While his goal remains unaccomplished, U.S. Sen. Edward Markey boldly declared Wednesday "a great day for the internet" after the U.S. Senate voted 52-47 to adopt a Markey resolution to undo the Federal Communications Commission's repeal of Obama-era internet net neutrality rules.

"Today’s #NetNeutrality victory in the Senate would not have been possible without the fierce activism of millions of individuals and an incredible coalition of advocacy groups," Markey tweeted Wednesday.

He later added, "Celebrate today’s historic #NetNeutrality victory in the Senate. But the fight in the House starts TOMORROW."

In December, the FCC approved an order reversing its Obama-era net neutrality rules, which deemed internet service a public utility and required internet providers to treat all traffic equally. Markey's resolution, which faces an uphill battle in the House of Representatives, would rescind the FCC's action and fully restore the Open Internet Order.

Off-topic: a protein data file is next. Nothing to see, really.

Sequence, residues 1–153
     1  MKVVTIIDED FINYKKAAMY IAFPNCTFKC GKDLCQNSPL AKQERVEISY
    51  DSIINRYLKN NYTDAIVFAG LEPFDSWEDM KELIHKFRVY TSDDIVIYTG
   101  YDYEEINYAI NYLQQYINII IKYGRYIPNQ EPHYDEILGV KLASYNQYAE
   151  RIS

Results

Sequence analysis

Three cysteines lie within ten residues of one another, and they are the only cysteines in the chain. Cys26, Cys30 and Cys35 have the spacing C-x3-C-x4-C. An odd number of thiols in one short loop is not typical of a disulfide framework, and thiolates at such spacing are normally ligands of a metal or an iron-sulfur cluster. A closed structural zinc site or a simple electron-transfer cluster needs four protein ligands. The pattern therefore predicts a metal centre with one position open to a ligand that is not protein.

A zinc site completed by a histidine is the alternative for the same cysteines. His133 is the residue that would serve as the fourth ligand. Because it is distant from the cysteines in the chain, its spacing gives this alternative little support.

"It's disappointing that Senate Democrats forced this resolution through by a narrow margin," FCC Chairman Ajit Pai said in a statement. "But ultimately, I'm confident that their effort to reinstate heavy-handed government regulation of the Internet will fail."

Since January, Markey's resolution had been one vote shy of the majority it needed for passage. All 49 senators who caucus with the Democrats had indicated their support, as had Republican Maine Sen. Susan Collins. On Wednesday, Republican Sens. John Kennedy of Louisiana and Lisa Murkowski of Alaska joined the Democrats in supporting Markey's resolution.